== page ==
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How to Run a Product Manager Interview

June 15, 2022

6 minute read

Running a product manager interview and hiring a product manager often depends less on what they’ve done and more on how they think. In a traditional interview process, and using traditional evaluation methods like reading a CV, it can be really hard to suss out who has a great product mind versus, well, not.

This article is a follow-up to the previous Product Manager Interview Preparation For The Win

Here’s my advice on how to design an effective interview process for a prospective PM: how to structure an interview, who to involve, what to ask, and how to test their skills.

In short, it all comes down to three interview tactics:

  1. Focusing on soft skills
  2. Testing those skills
  3. Exploring team compatibility

Looking at job history doesn’t cut it

Someone’s work experience, as listed on a CV, doesn’t actually tell much about their experience as a product manager, much less their ability.

Spot a big brand name? That seems promising. But a product manager from a well-known product company can be disguised by the fact that they worked for a well-funded company with a great team around them.

On the other end of the spectrum, some companies can’t do their PMs justice. Some great product minds might have been starved due to bad culture, poor management, or strapped resources. Their CV doesn’t shine, but they’re actually a bright product manager.

If you want to find the best fit for your team, it’s important you look beyond the piece of paper and ask potential PMs the right questions.

Dots on a product manager interview

Focus on the soft skills of product management

In the interview portion, ask for stories and situations to understand their behaviors. Ditch the common PM questions like, “Why is a manhole cover round?” or about how many piano tuners there are in Chicago! Instead, direct your questions to something more real and personal.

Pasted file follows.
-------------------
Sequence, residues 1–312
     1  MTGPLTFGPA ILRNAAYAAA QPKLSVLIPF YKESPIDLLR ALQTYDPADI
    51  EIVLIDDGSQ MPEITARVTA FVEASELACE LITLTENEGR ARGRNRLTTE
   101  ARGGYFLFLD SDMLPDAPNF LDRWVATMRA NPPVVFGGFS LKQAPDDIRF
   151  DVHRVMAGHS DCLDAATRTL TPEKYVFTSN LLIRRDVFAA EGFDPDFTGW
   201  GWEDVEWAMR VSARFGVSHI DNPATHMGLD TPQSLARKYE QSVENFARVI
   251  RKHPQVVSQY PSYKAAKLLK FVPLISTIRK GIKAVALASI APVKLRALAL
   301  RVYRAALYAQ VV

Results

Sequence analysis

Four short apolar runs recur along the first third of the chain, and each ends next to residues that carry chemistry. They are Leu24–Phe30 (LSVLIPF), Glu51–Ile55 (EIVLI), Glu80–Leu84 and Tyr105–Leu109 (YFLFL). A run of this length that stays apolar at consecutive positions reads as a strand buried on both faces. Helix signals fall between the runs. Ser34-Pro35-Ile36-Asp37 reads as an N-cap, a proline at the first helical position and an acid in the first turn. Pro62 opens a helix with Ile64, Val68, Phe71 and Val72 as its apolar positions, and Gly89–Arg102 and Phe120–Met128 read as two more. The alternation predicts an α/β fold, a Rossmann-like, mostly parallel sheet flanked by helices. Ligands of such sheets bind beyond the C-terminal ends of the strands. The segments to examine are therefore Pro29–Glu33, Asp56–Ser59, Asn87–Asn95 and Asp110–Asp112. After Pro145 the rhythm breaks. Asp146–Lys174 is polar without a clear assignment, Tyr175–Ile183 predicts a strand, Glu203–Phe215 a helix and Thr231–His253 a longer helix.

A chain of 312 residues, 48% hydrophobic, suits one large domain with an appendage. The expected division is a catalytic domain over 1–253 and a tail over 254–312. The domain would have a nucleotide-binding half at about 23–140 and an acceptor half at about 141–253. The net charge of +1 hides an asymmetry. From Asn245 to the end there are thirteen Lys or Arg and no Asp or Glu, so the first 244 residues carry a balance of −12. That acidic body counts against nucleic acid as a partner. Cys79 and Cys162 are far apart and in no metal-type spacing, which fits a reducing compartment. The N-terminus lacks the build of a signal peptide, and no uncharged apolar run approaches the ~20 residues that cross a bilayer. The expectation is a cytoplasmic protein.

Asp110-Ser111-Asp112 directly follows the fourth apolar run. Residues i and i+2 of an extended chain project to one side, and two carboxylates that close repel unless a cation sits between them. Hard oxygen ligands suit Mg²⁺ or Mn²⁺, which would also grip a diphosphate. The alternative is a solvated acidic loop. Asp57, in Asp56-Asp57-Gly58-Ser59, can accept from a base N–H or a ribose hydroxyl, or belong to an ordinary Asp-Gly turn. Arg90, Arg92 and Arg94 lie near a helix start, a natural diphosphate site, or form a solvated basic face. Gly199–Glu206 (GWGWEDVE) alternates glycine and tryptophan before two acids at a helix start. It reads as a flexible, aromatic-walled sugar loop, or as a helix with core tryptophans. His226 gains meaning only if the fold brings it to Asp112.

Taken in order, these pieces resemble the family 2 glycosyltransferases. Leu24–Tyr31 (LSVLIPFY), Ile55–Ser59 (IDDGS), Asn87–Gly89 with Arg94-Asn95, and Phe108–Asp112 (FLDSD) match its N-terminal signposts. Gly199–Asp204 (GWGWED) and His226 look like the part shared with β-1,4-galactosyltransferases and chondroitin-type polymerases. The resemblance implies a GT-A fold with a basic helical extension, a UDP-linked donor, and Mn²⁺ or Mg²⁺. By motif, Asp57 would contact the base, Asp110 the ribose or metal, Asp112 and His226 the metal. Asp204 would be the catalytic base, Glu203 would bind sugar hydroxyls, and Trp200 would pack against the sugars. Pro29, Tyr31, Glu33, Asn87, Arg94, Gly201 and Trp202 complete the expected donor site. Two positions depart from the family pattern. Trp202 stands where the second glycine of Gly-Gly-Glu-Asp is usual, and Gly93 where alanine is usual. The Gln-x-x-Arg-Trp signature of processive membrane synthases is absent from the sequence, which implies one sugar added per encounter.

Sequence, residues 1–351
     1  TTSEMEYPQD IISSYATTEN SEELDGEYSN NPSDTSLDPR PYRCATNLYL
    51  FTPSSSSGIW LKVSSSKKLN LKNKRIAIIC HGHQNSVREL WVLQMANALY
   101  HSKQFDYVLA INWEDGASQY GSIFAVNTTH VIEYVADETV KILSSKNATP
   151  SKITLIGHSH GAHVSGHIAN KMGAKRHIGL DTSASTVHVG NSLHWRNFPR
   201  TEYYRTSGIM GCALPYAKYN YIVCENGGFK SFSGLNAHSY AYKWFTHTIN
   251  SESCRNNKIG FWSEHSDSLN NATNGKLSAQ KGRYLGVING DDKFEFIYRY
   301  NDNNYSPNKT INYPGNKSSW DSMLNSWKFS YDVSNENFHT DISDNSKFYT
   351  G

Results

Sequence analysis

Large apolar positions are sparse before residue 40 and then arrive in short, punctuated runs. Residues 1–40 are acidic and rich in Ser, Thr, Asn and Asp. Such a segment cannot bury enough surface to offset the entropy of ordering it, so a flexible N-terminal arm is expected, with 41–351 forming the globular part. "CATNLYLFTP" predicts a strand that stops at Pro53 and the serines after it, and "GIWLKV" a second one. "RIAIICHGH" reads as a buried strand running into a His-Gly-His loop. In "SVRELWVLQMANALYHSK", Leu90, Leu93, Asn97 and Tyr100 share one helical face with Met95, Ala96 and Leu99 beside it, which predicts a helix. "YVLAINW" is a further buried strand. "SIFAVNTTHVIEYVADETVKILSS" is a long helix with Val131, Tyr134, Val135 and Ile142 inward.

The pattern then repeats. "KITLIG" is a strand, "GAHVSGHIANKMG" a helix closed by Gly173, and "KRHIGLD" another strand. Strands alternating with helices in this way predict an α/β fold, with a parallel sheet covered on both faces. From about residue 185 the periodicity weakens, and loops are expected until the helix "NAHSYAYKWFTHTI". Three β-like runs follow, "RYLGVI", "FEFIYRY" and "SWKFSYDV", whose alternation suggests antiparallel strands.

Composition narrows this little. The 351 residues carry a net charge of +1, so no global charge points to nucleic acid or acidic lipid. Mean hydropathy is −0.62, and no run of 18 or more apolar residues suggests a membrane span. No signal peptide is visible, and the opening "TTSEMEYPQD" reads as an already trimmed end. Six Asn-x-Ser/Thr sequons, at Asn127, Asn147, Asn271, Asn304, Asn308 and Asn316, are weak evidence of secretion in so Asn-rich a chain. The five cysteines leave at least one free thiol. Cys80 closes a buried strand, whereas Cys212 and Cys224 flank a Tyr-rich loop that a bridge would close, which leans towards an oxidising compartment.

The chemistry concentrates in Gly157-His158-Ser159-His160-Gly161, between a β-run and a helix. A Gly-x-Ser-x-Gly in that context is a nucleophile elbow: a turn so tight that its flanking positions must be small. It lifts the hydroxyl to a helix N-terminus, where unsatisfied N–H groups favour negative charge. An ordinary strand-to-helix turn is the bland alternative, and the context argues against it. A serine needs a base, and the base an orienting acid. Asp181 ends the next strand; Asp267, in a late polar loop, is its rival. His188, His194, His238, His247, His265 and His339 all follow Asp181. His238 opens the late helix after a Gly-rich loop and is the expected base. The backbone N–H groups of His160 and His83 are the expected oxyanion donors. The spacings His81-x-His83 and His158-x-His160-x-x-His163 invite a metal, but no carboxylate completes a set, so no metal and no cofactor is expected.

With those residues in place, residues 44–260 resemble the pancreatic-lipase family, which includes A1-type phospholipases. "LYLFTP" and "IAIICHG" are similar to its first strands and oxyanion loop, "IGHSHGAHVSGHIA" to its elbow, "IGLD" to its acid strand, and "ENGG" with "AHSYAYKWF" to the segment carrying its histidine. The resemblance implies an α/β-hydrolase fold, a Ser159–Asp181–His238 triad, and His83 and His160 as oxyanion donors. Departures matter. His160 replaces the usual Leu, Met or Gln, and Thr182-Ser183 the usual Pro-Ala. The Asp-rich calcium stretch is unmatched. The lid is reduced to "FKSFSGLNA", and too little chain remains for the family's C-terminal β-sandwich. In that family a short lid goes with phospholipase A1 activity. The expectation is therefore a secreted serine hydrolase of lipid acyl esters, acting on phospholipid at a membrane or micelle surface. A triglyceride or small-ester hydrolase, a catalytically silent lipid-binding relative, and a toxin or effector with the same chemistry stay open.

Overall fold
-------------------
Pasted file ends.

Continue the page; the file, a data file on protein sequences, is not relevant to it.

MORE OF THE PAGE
Product manager interview tactic 1

Start with the prompt “Tell me about a time when…” and follow it up with tricky situations that a PM might run into:

  • “…you had an experiment or project fail. What did you do about it?” 
  • “…you had to fulfill some requirements and you didn’t have enough information.”

This gives them the opportunity to walk you through it, and gives you the opportunity to see how they navigate problems.

Why this is a good interview tactic

A PM is a collection of the experiences that they’ve had. They draw on those experiences to make better and better decisions moving forward. They should have a handful of good stories about things that went right – and wrong! – and know the lessons they’ve learned from those experiences.

If they don’t have these stories, that’s an indicator they might not have enough experience yet or could flounder in the role.

Of course, someone who has less experience but is well-suited for product management can still walk you through hypotheticals of how they’d handle these situations. Maybe you’re open to a person who’s never worked in Product per se but has the right thinking and problem-solving skills.

Test the PM’s skills

In addition to asking questions and talking it out, create a space for the prospective PM to simulate real product management work that they might do in the role. 

Product manager interview tactic 2